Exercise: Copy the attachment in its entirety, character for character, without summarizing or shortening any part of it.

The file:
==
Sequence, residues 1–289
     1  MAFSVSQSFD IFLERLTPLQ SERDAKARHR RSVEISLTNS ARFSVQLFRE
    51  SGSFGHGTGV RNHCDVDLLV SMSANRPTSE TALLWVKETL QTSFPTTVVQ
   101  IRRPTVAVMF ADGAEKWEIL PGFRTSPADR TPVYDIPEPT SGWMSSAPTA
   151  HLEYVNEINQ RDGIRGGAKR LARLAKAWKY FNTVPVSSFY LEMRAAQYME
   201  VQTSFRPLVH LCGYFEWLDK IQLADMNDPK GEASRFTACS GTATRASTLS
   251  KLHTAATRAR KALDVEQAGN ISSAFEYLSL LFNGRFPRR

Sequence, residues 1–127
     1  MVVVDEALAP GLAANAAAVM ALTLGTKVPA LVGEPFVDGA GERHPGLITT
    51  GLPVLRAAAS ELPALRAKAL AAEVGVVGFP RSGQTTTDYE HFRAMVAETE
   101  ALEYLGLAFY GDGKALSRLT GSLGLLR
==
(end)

Sequence, residues 1–289
     1  MAFSVSQSFD IFLERLTPLQ SERDAKARHR RSVEISLTNS ARFSVQLFRE
    51  SGSFGHGTGV RNHCDVDLLV SMSANRPTSE TALLWVKETL QTSFPTTVVQ
   101  IRRPTVAVMF ADGAEKWEIL PGFRTSPADR TPVYDIPEPT SGWMSSAPTA
   151  HLEYVNEINQ RDGIRGGAKR LARLAKAWKY FNTVPVSSFY LEMRAAQYME
   201  VQTSFRPLVH LCGYFEWLDK IQLADMNDPK GEASRFTACS GTATRASTLS
   251  KLHTAATRAR KALDVEQAGN ISSAFEYLSL LFNGRFPRR

Sequence, residues 1–127
     1  MVVVDEALAP GLAANAAAVM ALTLGTKVPA LVGEPFVDGA GERHPGLITT
    51  GLPVLRAAAS ELPALRAKAL AAEVGVVGFP RSGQTTTDYE HFRAMVAETE
   101  ALEYLGLAFY GDGKALSRLT GSLGLLR